Bikes, Blues & BBQ Harley Vs. Indian

A photographer asked Sturgis motorcycle rally Grand Marshal Jessi Combs to pose for a photo standing next to her Harley-Davidson motorcycle, The Rapid City Journal reported on Aug. 12.

Combs, however, balked when she realized the photo would be taken in front of a semitrailer that carried the huge image of an Indian Motorcycle — suddenly the biggest competitor for cycle dominance at the Sturgis rally.

Courtesy Photo Michael Riha poses with his 2001 American Ironhorse Tejas, the predecessor to his current Harley Softail.

Combs’ reluctance to be seen in the same frame with a brand of motorcycle other than a Harley-Davidson underscores the renewed rivalry between two iconic American motorcycle brands.

We asked two Northwest Arkansas riders to compare and contrast their experiences.

Michael Riha

UA Theatre Department Chairman

Harley-Davidson

Q. When and where did you start riding a motorcycle?

A. I began riding as a teenager. My first bike was a Honda MB-5. It was a 50 CC motorcycle that was a blast to ride, and I got it brand new with money I saved from my paper route and my job at McDonald’s. It was tiny, but it was able to go 50 miles per hour (with a good tail wind!)

I loved the sense of adventure it provided me — that and a sense of isolation. I was able to go out on the county roads where there was little traffic (I lived in Wisconsin) and enjoy just being in the wind. Even at a young age it provided me with a great sense of freedom and time for self-reflection.

Q. How did you fit the stereotype of bikers in that place and time?

A. Well, as far as “stereotypes,” I don’t think I did. I was a skinny teenager when I began. Upon selling the bike when I went to college, I didn’t have a bike again until grad school. That was an old Kawasaki 350 that burned as much oil as it did gas. I loved it, though. It was mine and it, once again, provided me time to get away from my studies (theater design) and center my thoughts without being distracted. I sold it when I took the job here at [the University of] Arkansas. Seven years after being here I got the itch to get another bike. I stuck with a Honda and rode that for three years. I then upgraded to a custom chopper (American Ironhorse Tejas) that was truly the most amazing piece of machinery I’ve ever ridden. In 2008, I traded it in for my first Harley — a 2008 Softail — Crossbones that I still ride today. I’ve taken that bike on trips to Wisconsin to the 2008 110th Anniversary of Harley Davidson Party. I was able to see the Foo Fighters and Joan Jett. Both were fantastic concerts.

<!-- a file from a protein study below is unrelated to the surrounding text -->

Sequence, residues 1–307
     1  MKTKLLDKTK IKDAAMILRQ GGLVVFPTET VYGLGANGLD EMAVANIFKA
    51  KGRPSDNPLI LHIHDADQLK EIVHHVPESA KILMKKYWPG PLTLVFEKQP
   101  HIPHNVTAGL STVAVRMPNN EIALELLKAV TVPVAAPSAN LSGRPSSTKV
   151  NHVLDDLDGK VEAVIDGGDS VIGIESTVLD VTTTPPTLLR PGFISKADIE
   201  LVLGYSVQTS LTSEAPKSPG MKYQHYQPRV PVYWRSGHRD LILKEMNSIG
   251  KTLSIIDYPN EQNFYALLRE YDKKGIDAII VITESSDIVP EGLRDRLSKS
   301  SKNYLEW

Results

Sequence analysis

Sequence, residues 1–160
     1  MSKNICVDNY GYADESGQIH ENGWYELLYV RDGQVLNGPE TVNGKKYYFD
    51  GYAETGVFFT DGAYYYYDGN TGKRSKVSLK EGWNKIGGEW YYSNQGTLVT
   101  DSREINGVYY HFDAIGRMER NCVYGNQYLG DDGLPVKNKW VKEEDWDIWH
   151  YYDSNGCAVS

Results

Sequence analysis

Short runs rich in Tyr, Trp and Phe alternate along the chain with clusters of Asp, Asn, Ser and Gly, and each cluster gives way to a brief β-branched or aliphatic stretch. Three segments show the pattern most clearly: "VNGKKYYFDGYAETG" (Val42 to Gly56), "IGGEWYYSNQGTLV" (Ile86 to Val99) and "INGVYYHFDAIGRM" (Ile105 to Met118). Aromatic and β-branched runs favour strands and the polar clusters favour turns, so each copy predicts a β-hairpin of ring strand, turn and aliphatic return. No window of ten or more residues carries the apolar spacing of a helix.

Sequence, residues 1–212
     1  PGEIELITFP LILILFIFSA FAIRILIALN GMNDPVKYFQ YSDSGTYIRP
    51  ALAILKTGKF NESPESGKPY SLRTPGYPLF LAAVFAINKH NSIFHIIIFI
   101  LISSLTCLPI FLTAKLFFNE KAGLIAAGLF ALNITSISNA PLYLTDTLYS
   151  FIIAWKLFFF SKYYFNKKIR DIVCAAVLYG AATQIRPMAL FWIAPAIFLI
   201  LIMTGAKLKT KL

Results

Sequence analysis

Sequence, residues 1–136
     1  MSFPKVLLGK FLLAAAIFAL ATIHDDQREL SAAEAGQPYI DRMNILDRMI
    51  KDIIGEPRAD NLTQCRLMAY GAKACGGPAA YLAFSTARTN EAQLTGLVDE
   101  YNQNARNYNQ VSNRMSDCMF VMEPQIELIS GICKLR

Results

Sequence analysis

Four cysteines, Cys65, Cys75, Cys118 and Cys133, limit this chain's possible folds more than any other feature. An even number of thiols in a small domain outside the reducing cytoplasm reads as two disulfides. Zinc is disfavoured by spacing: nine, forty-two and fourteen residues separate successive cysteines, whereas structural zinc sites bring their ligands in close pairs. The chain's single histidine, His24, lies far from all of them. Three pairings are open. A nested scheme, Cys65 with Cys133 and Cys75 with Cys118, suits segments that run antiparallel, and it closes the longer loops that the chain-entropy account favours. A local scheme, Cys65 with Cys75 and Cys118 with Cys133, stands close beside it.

Q. How do you fit the stereotype now?

A. I don’t really believe there is a “stereotype.” If there is, I think I do fit it — middle-aged, financially stable, white collar, dude (or dudette!) with a passion for freedom and escape.

Q. Why do you choose a Harley?

I guess I don’t really know other than the fact that I love the look, sound and style of most Harley-Davidson bikes. I don’t think it is the ONLY bike I would ride, but it certainly is at the top of the list.

Q. What will you be doing during Bikes, Blues & BBQ?

A. Well, since it usually happens during one of our tech weeks — or a run of a show! — I am at work most of the time the rally is happening. One thing I absolutely will not miss are the turkey legs! That is a tradition and a must-have for me. The rest of the food, I can leave, but I have to get my turkey legs! I also do enjoy some of the blues acts that play in the beer garden. Oh, people watching! That has to be a favorite pastime as well. Some of the outfits are beyond description and should, in and of themselves, be considered works of art — or not.

__

Jim Hiland

U.S. Navy (Ret.)

Indian

Q. When and where did you start riding a motorcycle?

A. Immediately after high school, I joined the Navy. One of my first purchases was a Honda CB250. As a young sailor, I really enjoyed riding, and I always preferred being on two wheels versus four.